Epidendrums are probably second only to Dendrobiums in diversity of growth habit and flower. In addition to the typical tall reed-stem epis grown all over the tropics, the genus holds a number of creeping species, and perhaps the best for our purposes is Epi. polybulbon, which may or may not be moved to its own genus, Dinema. Epi. polybulbon is in some ways like a mini, mat-form-ing Encyclia in the shape of its psuedobulbs and leaves, the main difference other than size is it grows horizontally along a widely-spaced rhizome, rather than in a tight clump like most other Encyclias. Epi. quisayanum is relatively newly discovered species from Ecuador, similar in size and habit, the difference is the flowers are purplish-white rather than orange-red, and are held on longer stems rather than appearing right above the psuedobulbs. Nanodes medusae is another former Epidendrum with a creeping habit. Its flowers are a somewhat lurid shade of red with a wild, fringed lip similar to other species in the Epidendrum family like Epi. ilense and Epi. ciliare. Other worthy members of this creepy genus include Nanodes discolor, with spidery reddish flowers, and its even smaller cousin longirepens. The cross between Nanodes porpax and Nanodes medusae, Epi. Panama Ruby, has flowers bigger than either parent and the best features of both. If you can find it, get it; it’s a true Queen of the Creepy-Crawlies.

Want a challenge? Maxillaria sophronitis is a miniature in the genus, with leaves only 1” long on a creeping rhizome. Its flowers are as orange as pumpkins; perfect for seasonal arrangements. This species has a reputation of being difficult to grow. It needs good quality water and must stay moist, but not soggy. If you can manage this, it should do fine in bright light. Maxillaria arbuscula is another mini, with more of clambering habit, and pretty red and white flowers like tiny peppermints. Keep it cool and bright, with regular watering. Maxillaria uncata is like a pendulous form of arbuscula, with less bright flowers and similar care requirements. To complete the goody basket survey, Mediocalcar decoratum has psuedobulbs like sausage links and candy-corn-like flowers; it’s another cool grower that should work fine under lights or in a shady window.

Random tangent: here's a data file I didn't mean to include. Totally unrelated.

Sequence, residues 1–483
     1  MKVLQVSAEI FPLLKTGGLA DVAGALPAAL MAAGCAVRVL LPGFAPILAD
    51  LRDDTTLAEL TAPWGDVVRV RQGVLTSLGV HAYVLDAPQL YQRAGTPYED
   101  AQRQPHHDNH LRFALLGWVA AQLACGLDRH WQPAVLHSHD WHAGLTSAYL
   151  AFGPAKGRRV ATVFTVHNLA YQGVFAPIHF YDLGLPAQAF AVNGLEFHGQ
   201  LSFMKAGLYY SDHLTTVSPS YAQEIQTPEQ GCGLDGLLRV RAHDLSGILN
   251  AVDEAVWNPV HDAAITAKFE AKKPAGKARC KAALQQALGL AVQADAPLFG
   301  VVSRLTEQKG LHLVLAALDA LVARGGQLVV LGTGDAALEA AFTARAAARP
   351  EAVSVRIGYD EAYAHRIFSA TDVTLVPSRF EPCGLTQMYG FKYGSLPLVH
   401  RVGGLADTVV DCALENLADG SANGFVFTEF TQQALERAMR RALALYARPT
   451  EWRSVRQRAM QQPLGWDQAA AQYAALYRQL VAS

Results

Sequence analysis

Here’s to a fine fall season for all orchid weirdos, with more flowering delights than dead plant frights, so go get creepy!

Thursday, November 6, 2008

Announcing The New York City Orchid Growers' Guide

A reader, Sarah Ruane, wrote to ask a really good question: where do those in the know go to get their orchid fix in the New York City area? When I started writing her back I thought, why not make it part of the blog? So here is the first edition of the New York City Orchid Growers' Guide, your one-stop site for all the spots in the metro area where you can see orchids, buy orchids (and orchid supplies) and learn more about orchids.